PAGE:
It is a truism of being human: loss and grief focus, illuminate and amplify joy and gratitude. Sides of the same coin. Our gratefulness can grow as our experience with grief expands–it’s built into the arc of a life. Who escapes this earth without pain? For the rare person who does, the trade off is to miss some part of understanding the power of gratitude.
This is one of those years when the lunar calendar brings together the holidays of Easter and Passover. (Easter is the only major Christian holiday based on the lunar calendar; while all Jewish holidays are calculated on the lunar year.) Both celebrate the seemingly contradictory experiences of grief and gratitude.
As an observer of Christian holidays and traditions, it has always seemed to me that Easter is the most profound of those holidays. A beloved deity is experienced here on earth, then lost, and ultimately restored, albeit under new conditions, forever. Rather than knowing the deity as a fellow man, the deity is now revealed and experienced as the son of G_d. Those who believe in the Christian story of Easter feel the pain of the crucifixion, but above all else a life-changing sense of gratitude for having Jesus Christ to worship and know spiritually.
On a more mundane or mortal level, this narrative path is not unlike the emotions we experience with the loss of a deeply loved family member or friend. We begin with pleasure in knowing and living with the person, we feel pain if they die, and then, one hopes, we come to a place of gratitude: for having had them in our lives, for having the lessons and memories we take from our time with them.
I do not mean to sound gratuitous here. Pain is pain; joy is joy. But gratitude binds and amplifies both emotions.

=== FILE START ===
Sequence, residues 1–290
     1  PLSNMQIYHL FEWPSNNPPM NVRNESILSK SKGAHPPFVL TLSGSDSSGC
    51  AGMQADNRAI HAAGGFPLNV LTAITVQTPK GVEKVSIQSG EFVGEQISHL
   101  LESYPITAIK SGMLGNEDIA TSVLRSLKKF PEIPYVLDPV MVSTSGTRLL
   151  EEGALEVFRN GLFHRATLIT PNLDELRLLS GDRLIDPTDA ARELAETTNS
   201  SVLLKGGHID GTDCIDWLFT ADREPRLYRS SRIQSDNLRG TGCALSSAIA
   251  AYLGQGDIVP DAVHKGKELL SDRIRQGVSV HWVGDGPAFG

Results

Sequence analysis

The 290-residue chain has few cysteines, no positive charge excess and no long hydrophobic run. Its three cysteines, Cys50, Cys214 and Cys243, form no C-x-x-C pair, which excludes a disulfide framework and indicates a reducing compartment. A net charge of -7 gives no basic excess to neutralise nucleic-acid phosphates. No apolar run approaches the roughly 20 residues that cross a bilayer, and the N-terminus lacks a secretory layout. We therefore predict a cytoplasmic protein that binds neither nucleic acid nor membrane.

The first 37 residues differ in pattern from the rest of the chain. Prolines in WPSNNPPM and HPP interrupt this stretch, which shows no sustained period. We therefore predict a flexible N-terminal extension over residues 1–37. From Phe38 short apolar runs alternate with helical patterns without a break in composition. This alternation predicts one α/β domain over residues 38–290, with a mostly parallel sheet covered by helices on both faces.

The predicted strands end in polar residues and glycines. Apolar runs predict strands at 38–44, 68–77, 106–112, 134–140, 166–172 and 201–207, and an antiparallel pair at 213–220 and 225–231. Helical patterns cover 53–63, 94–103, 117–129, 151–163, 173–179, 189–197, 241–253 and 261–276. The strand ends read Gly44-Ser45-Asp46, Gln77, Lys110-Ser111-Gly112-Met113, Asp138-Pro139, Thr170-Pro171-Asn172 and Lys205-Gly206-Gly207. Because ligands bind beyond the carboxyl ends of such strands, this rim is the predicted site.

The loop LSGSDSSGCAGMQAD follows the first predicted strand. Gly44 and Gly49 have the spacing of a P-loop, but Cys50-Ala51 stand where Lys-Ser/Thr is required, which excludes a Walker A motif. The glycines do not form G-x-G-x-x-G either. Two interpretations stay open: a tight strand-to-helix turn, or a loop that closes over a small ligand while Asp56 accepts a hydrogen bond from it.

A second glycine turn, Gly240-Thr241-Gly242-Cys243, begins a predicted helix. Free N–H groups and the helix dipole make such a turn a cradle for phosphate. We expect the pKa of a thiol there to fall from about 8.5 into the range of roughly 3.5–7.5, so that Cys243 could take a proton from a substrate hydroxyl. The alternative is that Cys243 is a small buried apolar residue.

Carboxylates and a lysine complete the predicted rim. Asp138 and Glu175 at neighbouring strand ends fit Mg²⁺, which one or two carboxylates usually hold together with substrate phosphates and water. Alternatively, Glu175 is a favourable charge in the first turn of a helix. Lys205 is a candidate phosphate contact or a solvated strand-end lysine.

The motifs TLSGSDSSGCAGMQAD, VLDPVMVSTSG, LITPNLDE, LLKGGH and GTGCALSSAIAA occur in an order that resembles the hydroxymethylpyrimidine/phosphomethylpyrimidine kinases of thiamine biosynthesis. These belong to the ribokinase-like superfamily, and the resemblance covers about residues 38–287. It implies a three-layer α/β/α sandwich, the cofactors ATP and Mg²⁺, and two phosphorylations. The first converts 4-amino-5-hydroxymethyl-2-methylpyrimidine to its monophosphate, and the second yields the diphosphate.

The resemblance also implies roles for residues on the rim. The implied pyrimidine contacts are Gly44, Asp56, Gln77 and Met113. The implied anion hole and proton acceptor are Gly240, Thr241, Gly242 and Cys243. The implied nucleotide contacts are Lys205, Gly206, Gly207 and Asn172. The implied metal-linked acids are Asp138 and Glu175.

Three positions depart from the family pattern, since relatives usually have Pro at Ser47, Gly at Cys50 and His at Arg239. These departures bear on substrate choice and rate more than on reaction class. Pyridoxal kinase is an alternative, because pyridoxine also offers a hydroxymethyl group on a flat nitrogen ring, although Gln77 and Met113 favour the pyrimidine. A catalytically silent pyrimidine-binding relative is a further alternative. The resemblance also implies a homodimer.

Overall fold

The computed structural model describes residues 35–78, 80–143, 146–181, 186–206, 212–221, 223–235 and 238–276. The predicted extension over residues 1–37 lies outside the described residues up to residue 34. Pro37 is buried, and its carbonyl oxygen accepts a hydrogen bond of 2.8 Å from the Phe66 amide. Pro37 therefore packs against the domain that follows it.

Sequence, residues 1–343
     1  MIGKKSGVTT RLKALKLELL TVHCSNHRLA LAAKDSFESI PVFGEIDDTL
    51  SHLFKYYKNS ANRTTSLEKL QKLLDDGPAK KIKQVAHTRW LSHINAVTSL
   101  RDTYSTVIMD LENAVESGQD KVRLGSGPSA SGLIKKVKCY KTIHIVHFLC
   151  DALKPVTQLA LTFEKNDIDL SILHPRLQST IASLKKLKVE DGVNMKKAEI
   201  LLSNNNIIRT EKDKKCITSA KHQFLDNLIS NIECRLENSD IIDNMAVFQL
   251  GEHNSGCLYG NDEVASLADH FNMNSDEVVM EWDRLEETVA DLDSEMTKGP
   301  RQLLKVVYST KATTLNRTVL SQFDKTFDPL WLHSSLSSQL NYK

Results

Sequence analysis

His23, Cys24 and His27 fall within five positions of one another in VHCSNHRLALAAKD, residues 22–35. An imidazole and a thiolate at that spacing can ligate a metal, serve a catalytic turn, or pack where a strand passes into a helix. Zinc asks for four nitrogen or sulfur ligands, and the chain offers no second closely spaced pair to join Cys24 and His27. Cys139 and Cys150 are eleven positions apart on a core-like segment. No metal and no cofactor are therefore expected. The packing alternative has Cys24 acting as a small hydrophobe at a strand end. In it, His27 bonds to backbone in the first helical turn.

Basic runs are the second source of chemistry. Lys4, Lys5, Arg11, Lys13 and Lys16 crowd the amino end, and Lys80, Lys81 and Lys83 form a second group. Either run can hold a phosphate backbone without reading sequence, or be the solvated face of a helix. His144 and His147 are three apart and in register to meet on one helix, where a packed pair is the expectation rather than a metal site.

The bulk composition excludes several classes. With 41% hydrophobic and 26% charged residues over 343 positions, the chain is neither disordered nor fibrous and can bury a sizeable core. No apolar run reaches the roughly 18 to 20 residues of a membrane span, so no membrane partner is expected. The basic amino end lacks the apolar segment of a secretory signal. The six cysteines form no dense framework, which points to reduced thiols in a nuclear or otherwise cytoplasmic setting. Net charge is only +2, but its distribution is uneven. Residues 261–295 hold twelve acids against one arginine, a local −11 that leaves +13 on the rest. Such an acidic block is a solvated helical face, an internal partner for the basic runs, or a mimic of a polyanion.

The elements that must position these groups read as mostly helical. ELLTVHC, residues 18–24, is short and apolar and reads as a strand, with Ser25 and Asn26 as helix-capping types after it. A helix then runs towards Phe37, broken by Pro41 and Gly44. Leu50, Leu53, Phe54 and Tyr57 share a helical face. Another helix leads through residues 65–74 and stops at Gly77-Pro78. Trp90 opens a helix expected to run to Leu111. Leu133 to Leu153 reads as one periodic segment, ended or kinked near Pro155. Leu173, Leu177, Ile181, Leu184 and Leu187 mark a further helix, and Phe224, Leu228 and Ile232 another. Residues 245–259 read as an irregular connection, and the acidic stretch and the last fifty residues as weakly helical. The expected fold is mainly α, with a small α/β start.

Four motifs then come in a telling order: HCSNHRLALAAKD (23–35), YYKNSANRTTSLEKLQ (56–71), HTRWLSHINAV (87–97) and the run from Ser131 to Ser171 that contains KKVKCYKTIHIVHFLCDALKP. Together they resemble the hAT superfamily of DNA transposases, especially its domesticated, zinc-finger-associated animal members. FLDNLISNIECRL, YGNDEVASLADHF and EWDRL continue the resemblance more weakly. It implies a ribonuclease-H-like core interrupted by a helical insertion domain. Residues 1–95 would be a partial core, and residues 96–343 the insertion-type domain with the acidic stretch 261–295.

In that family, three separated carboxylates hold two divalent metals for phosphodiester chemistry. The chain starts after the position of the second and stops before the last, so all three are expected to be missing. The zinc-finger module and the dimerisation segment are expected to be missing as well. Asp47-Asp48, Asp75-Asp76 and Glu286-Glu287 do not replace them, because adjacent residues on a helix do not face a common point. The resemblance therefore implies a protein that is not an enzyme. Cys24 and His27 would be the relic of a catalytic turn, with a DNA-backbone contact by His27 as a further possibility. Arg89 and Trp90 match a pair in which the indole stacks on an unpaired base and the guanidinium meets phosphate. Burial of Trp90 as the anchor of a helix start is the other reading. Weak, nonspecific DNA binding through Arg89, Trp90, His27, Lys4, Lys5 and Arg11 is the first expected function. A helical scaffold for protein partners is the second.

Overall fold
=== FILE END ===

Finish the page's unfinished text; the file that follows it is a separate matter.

Passover, too, recognizes grief and celebrates gratitude. This is a holiday I know more intimately than Easter. Aside from the autumn celebration of the New Year and the solemnity of Yom Kippur, Passover is the most important holiday in the Jewish tradition I grew up in. Passover tells the story of the pain of slavery and homelessness finally ending with a new home and freedom. But, the symbolic elements of the seder table and service make a point of keeping the pain–salt water to represent tears, bitter herbs the taste of slavery–in close proximity to the gratitude for freedom.
From the grief and gratitude comes the heart of both Easter and Passover: hope. For the Christian, hope for salvation and eternal life in the G_d found, lost and found again. For the Jew, hope inspired by the possibilities of freedom and rebirth in a new land. These holidays are set in the right time of year: the season of hope, of new life.
Regardless of your religious or spiritual beliefs, spring brings us out of our homes and back into life to smell the dirt and hear the birds and see the first tender green push through earth. The pain of our lives is still there, but there’s promise in the air and for that I am grateful.